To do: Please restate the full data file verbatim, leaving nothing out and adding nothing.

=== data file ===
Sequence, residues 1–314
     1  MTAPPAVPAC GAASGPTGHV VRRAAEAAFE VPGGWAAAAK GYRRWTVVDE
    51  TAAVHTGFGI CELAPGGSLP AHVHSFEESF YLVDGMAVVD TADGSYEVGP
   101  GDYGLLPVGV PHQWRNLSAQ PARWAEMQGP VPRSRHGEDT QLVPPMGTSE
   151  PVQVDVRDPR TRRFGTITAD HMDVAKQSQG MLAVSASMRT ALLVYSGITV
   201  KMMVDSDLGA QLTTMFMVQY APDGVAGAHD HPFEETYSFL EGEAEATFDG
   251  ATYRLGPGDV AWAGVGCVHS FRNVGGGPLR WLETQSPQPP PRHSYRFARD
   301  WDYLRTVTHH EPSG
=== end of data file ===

Sequence, residues 1–314
     1  MTAPPAVPAC GAASGPTGHV VRRAAEAAFE VPGGWAAAAK GYRRWTVVDE
    51  TAAVHTGFGI CELAPGGSLP AHVHSFEESF YLVDGMAVVD TADGSYEVGP
   101  GDYGLLPVGV PHQWRNLSAQ PARWAEMQGP VPRSRHGEDT QLVPPMGTSE
   151  PVQVDVRDPR TRRFGTITAD HMDVAKQSQG MLAVSASMRT ALLVYSGITV
   201  KMMVDSDLGA QLTTMFMVQY APDGVAGAHD HPFEETYSFL EGEAEATFDG
   251  ATYRLGPGDV AWAGVGCVHS FRNVGGGPLR WLETQSPQPP PRHSYRFARD
   301  WDYLRTVTHH EPSG